6

I was wondering when the destructor is called under these circumstances, and if it is will it be called on the main UI thread?

Let's say I have the following code, when would the destructor be called, and would it wait until I have finished all my function calls?

private void Foo()
  {
  MyObject myObj = new MyObject();
  DoSomeFunThingsWithMyObject(myObj);

  myObj = new MyObject(); //is the destructor for the first instance called now?
  DoLongOminousFunctionality(myObj);  
  }
  //Or will it be called after the DoLongOminousFunctionality?

It's just something that interests me, if the thread is interrupted at myObj = new MyObject(), or if the Destructor call waits until the Thread is free.

Thanks for the information.

17

Destructor will be called when Garbage collector decides that it have to clean up some old objects. You cannot rely on destructors execution time in .NET

Instead of that you should use Dispose() if you want to clean up some resources when they are not needed (especially when you have any unmanaged resources such as TCP connections, SQL connections etc.)

See Implementing a Dispose Method

  • 3
    The first sentence could perhaps do with some clarification. When the garbage collector performs a collection, it will add objects with finalizers to the finalization queue. So, the finalizer could be called at any point after the object has initially been garbage collected, not necessarily immediately. – Tim Greaves Aug 11 '09 at 11:14
  • (to channel Fowler)-First rule of implementing Dispose:"Don't implement dispose". ;-) Make sure to read the link in this answer. Choosing to implement dispose is non-trivial. Garbage collections means that in most cases we don't need to worry about when the object is destructed. – TheZenker Aug 11 '09 at 13:59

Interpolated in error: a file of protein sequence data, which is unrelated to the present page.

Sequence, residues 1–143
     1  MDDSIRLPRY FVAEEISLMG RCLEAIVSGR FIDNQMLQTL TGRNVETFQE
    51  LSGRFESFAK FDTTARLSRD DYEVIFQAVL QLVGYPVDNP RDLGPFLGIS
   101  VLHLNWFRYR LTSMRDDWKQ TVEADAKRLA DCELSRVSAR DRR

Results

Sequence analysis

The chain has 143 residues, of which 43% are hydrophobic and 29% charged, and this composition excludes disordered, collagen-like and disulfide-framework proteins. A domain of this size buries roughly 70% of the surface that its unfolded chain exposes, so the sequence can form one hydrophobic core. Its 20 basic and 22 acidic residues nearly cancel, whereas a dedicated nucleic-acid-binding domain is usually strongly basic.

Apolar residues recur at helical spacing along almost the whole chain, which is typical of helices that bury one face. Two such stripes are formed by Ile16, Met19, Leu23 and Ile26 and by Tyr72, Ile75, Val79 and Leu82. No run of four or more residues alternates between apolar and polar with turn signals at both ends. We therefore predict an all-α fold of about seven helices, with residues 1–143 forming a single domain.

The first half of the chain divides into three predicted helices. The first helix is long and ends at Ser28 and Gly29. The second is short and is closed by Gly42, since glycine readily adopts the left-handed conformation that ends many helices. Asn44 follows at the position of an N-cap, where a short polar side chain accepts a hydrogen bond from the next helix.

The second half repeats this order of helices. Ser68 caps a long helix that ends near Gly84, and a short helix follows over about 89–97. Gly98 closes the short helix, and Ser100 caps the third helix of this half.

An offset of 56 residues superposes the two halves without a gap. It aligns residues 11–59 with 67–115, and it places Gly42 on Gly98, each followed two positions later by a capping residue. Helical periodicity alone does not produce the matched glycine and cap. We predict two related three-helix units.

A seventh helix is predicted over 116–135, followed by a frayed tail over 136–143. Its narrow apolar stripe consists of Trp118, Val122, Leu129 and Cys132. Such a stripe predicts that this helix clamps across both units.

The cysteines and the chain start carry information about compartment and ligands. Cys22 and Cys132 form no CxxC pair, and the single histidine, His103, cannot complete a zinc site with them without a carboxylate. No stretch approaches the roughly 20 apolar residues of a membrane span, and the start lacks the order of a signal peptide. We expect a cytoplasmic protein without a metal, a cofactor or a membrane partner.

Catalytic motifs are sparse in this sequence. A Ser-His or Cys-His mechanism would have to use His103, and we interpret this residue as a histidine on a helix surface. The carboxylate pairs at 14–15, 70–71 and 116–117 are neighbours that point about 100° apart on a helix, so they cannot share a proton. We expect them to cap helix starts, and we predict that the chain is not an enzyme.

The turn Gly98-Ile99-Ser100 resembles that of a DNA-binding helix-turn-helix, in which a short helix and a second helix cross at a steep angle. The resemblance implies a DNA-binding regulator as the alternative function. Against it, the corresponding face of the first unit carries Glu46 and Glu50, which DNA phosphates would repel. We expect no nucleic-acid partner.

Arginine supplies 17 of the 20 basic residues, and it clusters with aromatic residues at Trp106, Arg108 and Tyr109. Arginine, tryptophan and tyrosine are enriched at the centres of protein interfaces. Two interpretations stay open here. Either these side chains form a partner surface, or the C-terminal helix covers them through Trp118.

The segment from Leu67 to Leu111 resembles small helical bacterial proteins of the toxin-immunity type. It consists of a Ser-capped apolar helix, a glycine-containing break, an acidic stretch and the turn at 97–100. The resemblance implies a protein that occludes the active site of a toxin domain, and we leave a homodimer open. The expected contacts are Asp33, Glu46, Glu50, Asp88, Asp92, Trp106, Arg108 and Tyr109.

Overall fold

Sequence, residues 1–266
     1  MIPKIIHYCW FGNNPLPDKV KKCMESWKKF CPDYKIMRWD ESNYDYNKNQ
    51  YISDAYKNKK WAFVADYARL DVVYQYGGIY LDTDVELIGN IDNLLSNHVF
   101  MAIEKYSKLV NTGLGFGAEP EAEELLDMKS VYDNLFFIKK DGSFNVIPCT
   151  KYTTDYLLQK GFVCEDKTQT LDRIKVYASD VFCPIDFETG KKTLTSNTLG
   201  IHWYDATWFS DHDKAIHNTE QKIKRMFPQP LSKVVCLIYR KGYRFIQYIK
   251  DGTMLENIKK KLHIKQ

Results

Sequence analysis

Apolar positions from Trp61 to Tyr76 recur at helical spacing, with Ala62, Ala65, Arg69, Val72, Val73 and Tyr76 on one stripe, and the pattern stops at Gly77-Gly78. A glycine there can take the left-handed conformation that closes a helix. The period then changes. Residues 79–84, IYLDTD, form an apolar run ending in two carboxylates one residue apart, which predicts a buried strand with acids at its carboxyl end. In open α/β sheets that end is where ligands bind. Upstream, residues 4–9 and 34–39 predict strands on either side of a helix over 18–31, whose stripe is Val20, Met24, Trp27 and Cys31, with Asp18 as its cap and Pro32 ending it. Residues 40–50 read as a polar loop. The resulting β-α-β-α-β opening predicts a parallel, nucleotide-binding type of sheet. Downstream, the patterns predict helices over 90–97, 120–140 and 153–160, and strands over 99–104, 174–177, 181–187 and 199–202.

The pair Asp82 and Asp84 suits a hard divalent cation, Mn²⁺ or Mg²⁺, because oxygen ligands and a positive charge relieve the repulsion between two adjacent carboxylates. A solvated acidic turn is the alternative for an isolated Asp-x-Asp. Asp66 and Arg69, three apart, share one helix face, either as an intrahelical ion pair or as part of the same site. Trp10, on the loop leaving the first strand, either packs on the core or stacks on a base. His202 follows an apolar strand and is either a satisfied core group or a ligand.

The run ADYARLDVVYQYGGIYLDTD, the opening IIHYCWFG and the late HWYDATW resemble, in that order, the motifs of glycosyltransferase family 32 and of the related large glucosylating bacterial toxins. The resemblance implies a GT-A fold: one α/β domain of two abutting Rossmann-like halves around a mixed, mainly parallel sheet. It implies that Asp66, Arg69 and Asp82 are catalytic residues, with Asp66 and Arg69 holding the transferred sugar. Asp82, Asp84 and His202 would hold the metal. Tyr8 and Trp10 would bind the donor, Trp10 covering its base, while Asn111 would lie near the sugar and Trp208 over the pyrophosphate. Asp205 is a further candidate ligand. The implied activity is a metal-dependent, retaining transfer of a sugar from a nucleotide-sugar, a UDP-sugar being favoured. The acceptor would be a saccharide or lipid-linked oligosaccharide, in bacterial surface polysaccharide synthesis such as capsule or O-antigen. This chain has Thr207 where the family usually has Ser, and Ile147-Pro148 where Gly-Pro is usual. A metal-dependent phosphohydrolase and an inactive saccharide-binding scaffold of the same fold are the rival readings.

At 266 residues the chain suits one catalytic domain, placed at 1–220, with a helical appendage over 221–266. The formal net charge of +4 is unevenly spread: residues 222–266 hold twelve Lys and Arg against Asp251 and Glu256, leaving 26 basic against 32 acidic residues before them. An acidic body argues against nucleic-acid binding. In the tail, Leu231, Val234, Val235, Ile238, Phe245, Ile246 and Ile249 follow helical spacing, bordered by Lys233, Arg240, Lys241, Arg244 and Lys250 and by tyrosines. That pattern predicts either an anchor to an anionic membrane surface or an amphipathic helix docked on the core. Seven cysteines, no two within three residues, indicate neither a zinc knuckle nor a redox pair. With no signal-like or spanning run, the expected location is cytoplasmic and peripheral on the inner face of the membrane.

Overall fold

• Well, this rule (do not implement dispose when you dont need to release resources) sometimes ignored for a code simplicity. Have you ever seen that developers are using Dispose() just for simplicity of writing some code that will work with using {new myobject()} statement. For example: social.msdn.microsoft.com/Forums/en-US/winforms/thread/… . So this code do nothing with resources, it is just a trick of how language feature can be used for a different purpose. – Bogdan_Ch Aug 11 '09 at 15:58
  • Here is another rule - "Just Say No to Finalize Methods!" :) developer.com/net/csharp/article.php/2233111 . However the discussion about what is better could be found in another SO topic stackoverflow.com/questions/732864/finalize-vs-dispose – Bogdan_Ch Aug 11 '09 at 16:05
3

If it is crucial that the lifetime of your objects is managed, inherit from IDisposible and you can use the using keyword.

2

Destructors or finalizers as they are also named are called at some point in time after your instance is available for garbage collection. It doesn't happen at a deterministic point in time as in C++.

2

Destructors (or finalizers are some people prefer to call them) are run on a seperate thread altogether. They are run at no particular time. They aren't guaranteed to run at all till the end of your applications life, and even then it's possible they won't get called.

1

The destructor (finalizer) will be called once the garbage collector can determine that your object is no longer used. Finalizers run on the finalizer thread, concurrently to your main program!

With the right optimizations (the JIT compiler could easily eliminate the local variable), this might be as early as inside the first DoSomeFunThingsWithMyObject call (once that method doesn't need its parameter anymore), or at any later time. Maybe it isn't even called until your program is shut down (and in rare cases, the finalizer is never called).

Your Answer

By clicking “Post Your Answer”, you agree to our terms of service, privacy policy and cookie policy

Not the answer you're looking for? Browse other questions tagged or ask your own question.